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Magic: The Gathering creator’s most underrated game - in his own opinion - is getting a re-release

SpyNet returns as Shadow Blades.

Image credit: Korea Boardgames

One of the most overlooked games in Magic: The Gathering, Android: Netrunner and King of Tokyo creator Richard Garfield’s ludography - at least, according to the legendary designer himself - will see a re-release later this year.

SpyNet was originally released back in 2017. Like much of Garfield’s best-known work, the game centres around a clever and strategic use of cards. Two players (or two teams, allowing for up to four players) draft cards from a row of facedown piles, before adding the cards from their hand to four stacks of colour-coded cards in front of them to increase their agents’ strength and complete missions by overpowering their opponent(s).

The trick is that in order to see the facedown piles in the middle of the table, you must add a card from your hand to each pile you pass over, gradually building up fuller and more tempting stacks for your rival to pick up. The cards include a mixture of agents, missions and funding, which can be combined to activate unique effects and maximise each colour’s strength.

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Despite SpyNet’s connection to the legendary card game designer, inventive drafting gameplay and short half-hour playtime, it largely flew under the radar when it first released - leading Garfield himself to tell Dicebreaker in 2020 that he considered it one of his most overlooked games.

“I was surprised that game [SpyNet] didn't get more of a following,” he acknowledged. “It is a team card game, like Tichu. There are not many of those and I thought that those that love that category would be happy to see it. Also, it plays quite well with two players.

“I think part of the problem might have been that it was presented primarily as a team game - a strategy I supported - because the team play in many games seems like an afterthought. Unfortunately this had the unexpected effect that players didn't take the two-player version seriously - which is ironic because it was designed for two and that is where the majority of my play has been.”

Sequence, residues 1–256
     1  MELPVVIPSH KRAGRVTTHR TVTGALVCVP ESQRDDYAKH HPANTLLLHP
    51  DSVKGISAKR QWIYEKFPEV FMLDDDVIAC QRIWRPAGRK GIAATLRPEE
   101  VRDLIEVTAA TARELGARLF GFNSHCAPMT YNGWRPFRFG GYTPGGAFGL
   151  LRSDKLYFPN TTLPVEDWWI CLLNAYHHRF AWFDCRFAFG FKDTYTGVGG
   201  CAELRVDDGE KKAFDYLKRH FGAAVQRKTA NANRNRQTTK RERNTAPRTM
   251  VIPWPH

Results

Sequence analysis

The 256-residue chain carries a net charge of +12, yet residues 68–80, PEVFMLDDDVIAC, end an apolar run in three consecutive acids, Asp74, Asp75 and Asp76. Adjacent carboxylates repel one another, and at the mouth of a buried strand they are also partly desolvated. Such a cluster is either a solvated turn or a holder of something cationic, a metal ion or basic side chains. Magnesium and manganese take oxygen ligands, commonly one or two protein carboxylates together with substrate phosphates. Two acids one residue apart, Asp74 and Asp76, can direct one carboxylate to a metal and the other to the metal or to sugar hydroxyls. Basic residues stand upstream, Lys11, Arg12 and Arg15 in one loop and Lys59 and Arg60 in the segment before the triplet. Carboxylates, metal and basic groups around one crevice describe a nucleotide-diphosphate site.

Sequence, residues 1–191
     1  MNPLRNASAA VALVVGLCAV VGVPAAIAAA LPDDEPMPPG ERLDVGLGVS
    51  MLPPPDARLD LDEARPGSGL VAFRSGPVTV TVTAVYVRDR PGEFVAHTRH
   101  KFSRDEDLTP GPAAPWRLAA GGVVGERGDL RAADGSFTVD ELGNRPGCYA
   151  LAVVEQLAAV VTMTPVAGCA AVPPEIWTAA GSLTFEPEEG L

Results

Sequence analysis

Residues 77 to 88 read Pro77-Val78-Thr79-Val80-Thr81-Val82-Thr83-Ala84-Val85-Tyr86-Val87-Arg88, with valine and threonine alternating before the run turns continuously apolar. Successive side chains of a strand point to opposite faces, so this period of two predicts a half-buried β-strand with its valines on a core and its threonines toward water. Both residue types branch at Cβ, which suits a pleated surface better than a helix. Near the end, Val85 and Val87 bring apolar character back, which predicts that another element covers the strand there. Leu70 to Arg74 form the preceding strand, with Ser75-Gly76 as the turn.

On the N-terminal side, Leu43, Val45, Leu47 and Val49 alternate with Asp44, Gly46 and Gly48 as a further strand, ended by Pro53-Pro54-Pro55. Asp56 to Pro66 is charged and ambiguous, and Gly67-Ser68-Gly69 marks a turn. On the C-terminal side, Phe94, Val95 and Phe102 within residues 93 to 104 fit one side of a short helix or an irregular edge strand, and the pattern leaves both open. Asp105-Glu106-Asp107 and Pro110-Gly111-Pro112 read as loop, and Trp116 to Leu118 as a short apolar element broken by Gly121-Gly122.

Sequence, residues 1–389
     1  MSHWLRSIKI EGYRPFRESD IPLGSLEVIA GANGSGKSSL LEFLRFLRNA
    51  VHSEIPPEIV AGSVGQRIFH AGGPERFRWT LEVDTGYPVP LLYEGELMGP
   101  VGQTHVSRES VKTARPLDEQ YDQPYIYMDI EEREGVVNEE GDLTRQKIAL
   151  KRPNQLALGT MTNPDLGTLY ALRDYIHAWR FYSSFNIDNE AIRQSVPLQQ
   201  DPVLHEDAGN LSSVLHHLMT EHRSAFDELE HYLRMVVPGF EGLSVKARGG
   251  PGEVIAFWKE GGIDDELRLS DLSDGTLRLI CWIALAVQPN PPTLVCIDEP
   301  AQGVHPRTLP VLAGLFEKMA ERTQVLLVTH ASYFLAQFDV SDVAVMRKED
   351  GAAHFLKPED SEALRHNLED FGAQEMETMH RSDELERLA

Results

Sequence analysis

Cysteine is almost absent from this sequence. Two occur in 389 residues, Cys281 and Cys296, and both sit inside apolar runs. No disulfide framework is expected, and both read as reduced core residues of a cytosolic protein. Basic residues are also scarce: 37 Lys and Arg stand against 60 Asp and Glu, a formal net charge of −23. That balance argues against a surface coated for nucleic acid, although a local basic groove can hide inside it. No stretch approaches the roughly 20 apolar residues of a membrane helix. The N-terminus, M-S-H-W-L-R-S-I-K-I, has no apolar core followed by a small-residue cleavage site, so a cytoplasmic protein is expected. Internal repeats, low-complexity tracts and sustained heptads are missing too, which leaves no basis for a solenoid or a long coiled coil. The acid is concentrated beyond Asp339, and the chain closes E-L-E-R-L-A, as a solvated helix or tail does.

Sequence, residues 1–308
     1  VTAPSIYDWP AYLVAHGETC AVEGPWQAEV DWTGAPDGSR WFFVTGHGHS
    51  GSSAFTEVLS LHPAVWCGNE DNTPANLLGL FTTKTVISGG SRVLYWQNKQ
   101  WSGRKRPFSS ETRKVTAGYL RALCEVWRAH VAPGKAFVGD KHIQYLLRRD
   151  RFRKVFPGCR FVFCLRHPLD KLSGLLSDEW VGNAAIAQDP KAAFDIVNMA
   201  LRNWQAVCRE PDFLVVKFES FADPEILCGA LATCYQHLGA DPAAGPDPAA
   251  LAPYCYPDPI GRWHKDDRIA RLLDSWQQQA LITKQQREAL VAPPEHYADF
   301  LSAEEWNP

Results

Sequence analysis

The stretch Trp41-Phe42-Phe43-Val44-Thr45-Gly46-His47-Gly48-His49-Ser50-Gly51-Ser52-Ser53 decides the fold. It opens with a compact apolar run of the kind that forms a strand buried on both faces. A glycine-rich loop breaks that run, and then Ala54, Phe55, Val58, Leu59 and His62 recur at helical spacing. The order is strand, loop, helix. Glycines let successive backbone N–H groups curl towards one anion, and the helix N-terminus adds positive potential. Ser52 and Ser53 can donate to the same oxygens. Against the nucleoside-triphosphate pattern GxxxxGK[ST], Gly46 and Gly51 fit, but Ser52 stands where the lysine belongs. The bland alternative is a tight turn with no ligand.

Garfield repeated the sentiment in a recent BoardGameGeek forum post, saying that the game’s focus on team play “while well intentioned was misguided” and admitting that the cards’ many abilities required repeat playthroughs to avoid feeling too “swingy” or random.

“I was really expecting more traction with this game; It might be the game of my design that I play the most,” he said.

SpyNet may get a second shot at success thanks to Korean publisher Korea Boardgames, which plans to re-release the card game under the new title of Shadow Blades later this year. The first artwork for the game shows a retheming from the original’s espionage and futuristic hacking to characters equipped with bows, blades and fans. (Thanks, BoardGameGeek.)

According to Garfield, Shadow Blades will stick close to SpyNet’s gameplay. “We talked about varying the mechanics but it is mostly hewing close to the original,” he confirmed, adding: “It looks terrific.” The artwork also confirmed that the game will maintain its two-to-four player count and half-hour length.

Korea Boardgames will release Shadow Blades at this year’s Essen Spiel convention in Germany, which takes place from October 5th to 8th.

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